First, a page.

ATTOM: Some Markets Still Vulnerable To Covid-19 Economic Pressures

Despite the pandemic receding and a housing market cooldown, some housing markets at the county level are still susceptible to damage from the pandemic, according to a new report from ATTOM.

The Q3 2021 Special Coronavirus Report showed that New Jersey, Illinois, and Delaware had the highest concentrations of at-risk markets, totaling 26 of the 50 counties whose housing markets might be most impacted by Covid-19.

To determine risk to the market, the report looked at the percentage of homes facing possible foreclosure, the portion with mortgage balances exceeding property values, and the percentage of average local wages required to pay for homeownership expenses on median-priced houses or condos.

Included on the list are eight counties in the Chicago metro (Cook, De Kalb, Du Page, Kane, Kendall, Lake, McHenry, and Will counties), six near New York City (Essex, Hunterdon, Monmouth, Ocean, Passaic, and Sussex counties in New Jersey and Rockland County in New York), and 2 of Delaware’s three counties, as well as three counties near Philadelphia. 

The rest of the list is largely comprised of counties along the East coast. Of those, only Florida had more than 3 in the top 50: Bay County (Panama City), Clay County (outside Jacksonville), Lake County (Orlando), and Miami-Dade County.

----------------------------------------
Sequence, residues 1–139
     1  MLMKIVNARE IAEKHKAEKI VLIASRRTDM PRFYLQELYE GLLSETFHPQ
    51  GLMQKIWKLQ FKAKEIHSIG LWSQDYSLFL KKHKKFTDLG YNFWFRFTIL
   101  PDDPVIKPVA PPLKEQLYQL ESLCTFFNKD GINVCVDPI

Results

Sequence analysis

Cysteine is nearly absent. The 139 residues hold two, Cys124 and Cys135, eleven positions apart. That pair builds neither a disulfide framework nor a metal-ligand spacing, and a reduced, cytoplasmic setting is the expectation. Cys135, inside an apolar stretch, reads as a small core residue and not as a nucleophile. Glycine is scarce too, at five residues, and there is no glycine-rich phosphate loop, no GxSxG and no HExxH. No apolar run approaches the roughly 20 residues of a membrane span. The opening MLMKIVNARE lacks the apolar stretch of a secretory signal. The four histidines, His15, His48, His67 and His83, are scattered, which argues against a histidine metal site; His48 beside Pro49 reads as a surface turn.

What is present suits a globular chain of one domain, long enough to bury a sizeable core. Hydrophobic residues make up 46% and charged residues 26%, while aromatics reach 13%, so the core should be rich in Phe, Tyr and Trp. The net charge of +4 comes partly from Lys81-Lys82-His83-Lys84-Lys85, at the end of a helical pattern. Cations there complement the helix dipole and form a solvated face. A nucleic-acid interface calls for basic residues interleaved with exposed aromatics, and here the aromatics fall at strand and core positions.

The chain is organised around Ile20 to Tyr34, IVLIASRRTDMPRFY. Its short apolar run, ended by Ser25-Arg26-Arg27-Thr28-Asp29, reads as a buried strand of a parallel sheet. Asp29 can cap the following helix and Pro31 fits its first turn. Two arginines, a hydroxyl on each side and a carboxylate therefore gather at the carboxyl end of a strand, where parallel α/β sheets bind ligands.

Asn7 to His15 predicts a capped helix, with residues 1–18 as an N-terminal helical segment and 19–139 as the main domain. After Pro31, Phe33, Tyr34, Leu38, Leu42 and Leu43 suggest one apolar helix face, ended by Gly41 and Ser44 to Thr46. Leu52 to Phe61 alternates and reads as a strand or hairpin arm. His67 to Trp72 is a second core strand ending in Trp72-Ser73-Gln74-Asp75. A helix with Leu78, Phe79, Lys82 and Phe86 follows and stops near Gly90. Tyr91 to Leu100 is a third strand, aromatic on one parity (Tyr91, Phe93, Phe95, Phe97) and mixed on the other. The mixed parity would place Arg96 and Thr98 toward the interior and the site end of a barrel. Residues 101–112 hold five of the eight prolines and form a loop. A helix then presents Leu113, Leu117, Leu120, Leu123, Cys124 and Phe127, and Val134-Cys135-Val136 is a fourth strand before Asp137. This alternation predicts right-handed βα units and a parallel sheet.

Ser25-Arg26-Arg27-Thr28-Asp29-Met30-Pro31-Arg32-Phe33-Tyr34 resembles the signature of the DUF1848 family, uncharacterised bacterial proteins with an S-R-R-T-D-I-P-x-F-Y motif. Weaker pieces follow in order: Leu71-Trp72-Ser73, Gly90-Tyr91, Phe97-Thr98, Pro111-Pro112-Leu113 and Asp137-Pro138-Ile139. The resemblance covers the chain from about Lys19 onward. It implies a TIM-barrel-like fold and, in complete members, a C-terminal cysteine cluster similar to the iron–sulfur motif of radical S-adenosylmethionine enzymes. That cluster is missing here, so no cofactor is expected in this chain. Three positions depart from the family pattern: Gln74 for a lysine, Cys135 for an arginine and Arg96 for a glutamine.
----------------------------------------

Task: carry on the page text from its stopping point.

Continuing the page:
Only two counties in the West made it into the top 50, both in California. The West had the highest concentration of markets considered least vulnerable.

“There’s growing reason to think the Coronavirus pandemic may finally be heading into the history books as case numbers have dropped significantly in the past month or so. But it still poses a significant threat to the economy, with some housing markets in pockets of the country remaining at higher risk than others,” said Todd Teta, chief product officer with ATTOM.

Teta stressed that the findings don’t suggest trouble in every market. Instead, some markets are more at risk than others to continued financial pressures brought about by the pandemic.

The market is in a seasonal cooldown, but the cost of homeownership remains high year-over-year. September’s inventory of active listings was down 52.2% compared to 2019, and stock shortages continue to squeeze prices.

Washington is trying to mitigate the lack of housing under $200k by expanding affordable housing programs. Freddie Mac announced plans to offer at least $3 billion in Single-Family affordable housing bonds, intended to boost homeownership in low-income markets.

In the most at-risk counties, underwater mortgages, unaffordable housing, and foreclosure continue at higher levels than elsewhere. Homeownership costs– including mortgage payments, property taxes, and insurance– accounted for more than 30% of average local wages in 27 of the 50 counties, while at least 10% of mortgages were underwater in 37. More than 1 in 2,000 homes had a foreclosure filing in 36 of the counties.

The least vulnerable counties were largely concentrated in the South and Midwest, accounting for 33 of the 50 least likely to face significant risk from the economic impacts of Covid-19.